PracticePeople In PracticeMoD gets clean bill of health

MoD gets clean bill of health

The Ministry of Defence accounts have been cleared by comptroller and auditor general Sir John Bourne for the first time since resource accounting was introduced across government in 1999.

Link: MoD audit highlights fundamental errors

He reported to Parliament that the accounts for 2003-4 represent ‘a true and fair view” – and described it as ‘a significant achievement’.

The head of the National Audit Office also reported the net total cost of the Iraq war and subsequent pacification operations to 31 March this year was £2.2bn and remarked that the first military operation accounted for on a resource basis ‘has generated a number of accounting issues not encountered in previous operations managed under a cash accounting regime’.

The department ‘is committed to working in consultation with his staff to further refine its accounting policies and systems in these areas,’ he said.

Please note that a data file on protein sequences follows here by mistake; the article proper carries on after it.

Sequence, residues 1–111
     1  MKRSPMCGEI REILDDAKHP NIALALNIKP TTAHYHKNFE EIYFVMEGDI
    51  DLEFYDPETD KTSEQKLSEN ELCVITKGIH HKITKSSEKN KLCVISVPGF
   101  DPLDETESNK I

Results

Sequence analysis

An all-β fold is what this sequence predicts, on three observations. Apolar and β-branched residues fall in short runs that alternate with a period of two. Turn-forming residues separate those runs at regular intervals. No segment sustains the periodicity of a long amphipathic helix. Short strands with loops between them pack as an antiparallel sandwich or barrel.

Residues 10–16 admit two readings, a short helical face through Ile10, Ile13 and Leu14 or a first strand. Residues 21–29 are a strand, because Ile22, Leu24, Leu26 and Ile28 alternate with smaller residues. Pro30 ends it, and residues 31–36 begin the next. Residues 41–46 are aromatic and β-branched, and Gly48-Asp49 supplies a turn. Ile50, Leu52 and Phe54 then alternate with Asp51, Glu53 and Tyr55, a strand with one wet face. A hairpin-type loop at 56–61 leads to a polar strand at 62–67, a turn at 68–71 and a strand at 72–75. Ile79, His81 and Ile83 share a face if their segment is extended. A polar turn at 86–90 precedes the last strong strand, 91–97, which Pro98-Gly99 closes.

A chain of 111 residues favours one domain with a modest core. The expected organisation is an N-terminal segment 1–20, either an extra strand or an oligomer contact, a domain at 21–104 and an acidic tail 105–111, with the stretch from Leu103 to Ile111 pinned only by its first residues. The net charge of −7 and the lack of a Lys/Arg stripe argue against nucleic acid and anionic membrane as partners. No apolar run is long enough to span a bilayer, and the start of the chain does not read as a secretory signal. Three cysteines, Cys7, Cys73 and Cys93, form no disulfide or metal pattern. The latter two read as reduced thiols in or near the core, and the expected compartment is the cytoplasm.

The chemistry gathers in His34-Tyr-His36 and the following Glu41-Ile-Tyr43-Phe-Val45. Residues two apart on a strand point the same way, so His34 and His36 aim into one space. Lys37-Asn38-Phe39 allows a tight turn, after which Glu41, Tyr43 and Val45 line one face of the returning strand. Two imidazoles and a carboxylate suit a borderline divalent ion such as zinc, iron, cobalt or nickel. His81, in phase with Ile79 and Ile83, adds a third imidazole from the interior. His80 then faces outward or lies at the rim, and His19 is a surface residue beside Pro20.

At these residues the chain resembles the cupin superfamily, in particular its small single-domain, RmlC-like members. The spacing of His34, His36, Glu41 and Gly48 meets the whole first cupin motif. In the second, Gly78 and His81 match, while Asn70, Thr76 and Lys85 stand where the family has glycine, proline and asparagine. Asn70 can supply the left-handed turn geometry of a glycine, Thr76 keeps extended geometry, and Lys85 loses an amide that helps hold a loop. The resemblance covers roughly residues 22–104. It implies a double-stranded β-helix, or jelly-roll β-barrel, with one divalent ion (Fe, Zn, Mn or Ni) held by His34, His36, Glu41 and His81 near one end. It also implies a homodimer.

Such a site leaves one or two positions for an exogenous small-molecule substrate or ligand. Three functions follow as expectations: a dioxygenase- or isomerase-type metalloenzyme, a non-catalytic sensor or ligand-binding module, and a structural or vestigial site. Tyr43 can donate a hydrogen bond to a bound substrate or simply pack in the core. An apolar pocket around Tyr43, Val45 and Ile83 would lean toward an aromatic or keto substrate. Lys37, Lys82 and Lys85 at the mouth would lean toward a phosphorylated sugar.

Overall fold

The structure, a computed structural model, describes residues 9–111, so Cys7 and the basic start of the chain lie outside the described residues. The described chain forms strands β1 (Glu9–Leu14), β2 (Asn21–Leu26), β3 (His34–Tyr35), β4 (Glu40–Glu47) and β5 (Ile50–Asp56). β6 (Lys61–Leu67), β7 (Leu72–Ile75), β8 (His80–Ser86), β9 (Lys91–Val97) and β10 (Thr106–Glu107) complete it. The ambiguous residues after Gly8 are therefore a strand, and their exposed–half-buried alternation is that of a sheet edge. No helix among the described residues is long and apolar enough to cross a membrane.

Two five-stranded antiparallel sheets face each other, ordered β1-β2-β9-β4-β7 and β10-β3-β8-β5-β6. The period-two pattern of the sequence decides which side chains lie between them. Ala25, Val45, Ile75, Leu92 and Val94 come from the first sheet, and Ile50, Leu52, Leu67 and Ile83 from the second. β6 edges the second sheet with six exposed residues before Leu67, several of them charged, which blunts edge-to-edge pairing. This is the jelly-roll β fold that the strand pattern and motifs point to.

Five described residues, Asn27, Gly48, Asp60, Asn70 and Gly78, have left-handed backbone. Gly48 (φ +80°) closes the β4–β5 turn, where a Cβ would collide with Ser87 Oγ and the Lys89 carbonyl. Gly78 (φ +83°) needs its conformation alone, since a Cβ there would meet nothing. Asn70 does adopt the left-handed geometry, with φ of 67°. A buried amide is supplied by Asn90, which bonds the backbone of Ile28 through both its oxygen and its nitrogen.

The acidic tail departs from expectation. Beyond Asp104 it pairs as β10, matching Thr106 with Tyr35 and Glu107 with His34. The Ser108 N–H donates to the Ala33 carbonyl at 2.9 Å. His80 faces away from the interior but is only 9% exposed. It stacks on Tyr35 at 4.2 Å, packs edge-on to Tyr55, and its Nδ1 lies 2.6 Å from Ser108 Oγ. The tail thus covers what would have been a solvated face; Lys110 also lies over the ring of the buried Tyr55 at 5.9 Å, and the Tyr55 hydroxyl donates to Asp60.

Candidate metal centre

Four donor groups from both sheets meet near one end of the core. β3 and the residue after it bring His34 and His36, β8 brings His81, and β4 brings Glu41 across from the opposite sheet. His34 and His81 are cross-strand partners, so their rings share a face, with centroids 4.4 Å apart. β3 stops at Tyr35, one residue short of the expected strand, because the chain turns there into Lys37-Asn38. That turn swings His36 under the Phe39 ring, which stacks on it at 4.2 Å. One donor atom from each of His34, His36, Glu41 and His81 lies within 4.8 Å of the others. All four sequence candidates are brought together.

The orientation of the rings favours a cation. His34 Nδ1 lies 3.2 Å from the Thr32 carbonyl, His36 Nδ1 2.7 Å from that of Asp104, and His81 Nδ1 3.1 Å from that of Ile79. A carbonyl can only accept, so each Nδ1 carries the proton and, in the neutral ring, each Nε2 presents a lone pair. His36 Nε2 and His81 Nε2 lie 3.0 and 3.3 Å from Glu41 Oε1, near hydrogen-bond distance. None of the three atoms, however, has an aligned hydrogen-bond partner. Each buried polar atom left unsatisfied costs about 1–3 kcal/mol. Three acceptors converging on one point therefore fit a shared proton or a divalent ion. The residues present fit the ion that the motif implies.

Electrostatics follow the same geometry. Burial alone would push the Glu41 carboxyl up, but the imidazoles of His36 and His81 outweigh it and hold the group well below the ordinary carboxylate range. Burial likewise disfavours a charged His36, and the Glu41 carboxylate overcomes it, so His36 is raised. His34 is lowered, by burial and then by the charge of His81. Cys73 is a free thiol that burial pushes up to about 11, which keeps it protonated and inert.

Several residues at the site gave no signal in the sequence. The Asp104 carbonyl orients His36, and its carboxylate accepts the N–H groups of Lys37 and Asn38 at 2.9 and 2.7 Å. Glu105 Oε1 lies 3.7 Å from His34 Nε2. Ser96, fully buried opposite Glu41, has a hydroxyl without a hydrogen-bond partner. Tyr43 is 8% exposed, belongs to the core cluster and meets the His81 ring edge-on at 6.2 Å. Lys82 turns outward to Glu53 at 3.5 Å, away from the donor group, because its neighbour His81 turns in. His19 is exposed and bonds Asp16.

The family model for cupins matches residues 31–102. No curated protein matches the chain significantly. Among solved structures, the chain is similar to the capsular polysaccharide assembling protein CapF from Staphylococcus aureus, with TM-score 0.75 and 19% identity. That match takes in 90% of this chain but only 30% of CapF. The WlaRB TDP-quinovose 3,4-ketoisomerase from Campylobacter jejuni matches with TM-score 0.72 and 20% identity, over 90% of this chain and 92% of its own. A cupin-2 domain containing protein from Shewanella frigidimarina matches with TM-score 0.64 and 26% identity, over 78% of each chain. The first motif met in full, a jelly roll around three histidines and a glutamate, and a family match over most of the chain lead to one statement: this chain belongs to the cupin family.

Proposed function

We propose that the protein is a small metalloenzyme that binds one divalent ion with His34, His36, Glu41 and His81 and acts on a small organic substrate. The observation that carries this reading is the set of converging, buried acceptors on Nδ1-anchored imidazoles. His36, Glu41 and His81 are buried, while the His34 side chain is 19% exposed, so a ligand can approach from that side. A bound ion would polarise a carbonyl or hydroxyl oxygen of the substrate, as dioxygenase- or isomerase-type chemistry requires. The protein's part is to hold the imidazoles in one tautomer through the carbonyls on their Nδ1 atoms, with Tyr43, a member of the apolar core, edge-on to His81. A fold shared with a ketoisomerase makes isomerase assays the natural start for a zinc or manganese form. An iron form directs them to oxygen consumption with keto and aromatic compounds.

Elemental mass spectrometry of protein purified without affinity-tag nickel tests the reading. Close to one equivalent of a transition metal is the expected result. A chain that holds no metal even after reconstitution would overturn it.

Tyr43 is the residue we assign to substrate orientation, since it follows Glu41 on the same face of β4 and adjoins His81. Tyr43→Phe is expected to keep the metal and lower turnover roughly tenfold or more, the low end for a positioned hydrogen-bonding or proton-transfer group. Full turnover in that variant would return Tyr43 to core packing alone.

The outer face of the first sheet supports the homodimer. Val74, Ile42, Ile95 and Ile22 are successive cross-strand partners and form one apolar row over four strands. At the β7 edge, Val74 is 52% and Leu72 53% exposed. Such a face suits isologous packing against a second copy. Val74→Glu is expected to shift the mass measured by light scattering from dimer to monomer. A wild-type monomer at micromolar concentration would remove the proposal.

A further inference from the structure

Sir John also recorded that the value of losses consequent on terminating procurement or development projects has ‘increased significantly’ from £131m in 2002-3 to £461m.

But he declared: ‘For the first time in five years I am able to give an unqualified opinion on the MOD’s Resource Accounts. I congratulate the MOD on the progress it has made and its commitment to achieving maximum benefit from resource accounting and budgeting.’

He said the MoD ‘recognises that it still has more to do to get the maximum benefit from the Resource Accounting and Budgeting regime’.

The resource form of accounts has, however, been criticised elsewhere for its unintended consequences for defence thinking. A decision to cease using a class of warplane a few years earlier than expected in order to save money resulted in an increased loss because of the effect of writing-off and there have been suggestions it encouraged an inappropriate just-in-time approach to stores which resulted in soldiers going into battle in Iraq ill-equipped.

But the NAO said the accounts now show the true cost of activities as well as assets and liabilities at the year end rather than just cash expenditure and receipts.

The war has, however, been accounted for on the traditional basis of additional expense of assets consumed – ignoring costs like salaries and capital investment that would have been incurred whether operations had taken place or not.

Defence Secretary Geoff Hoon said: ‘This report shows that the armed forces and the MoD have delivered and will continue to deliver what they are required and resourced to do, often in the face of considerable challenges.’

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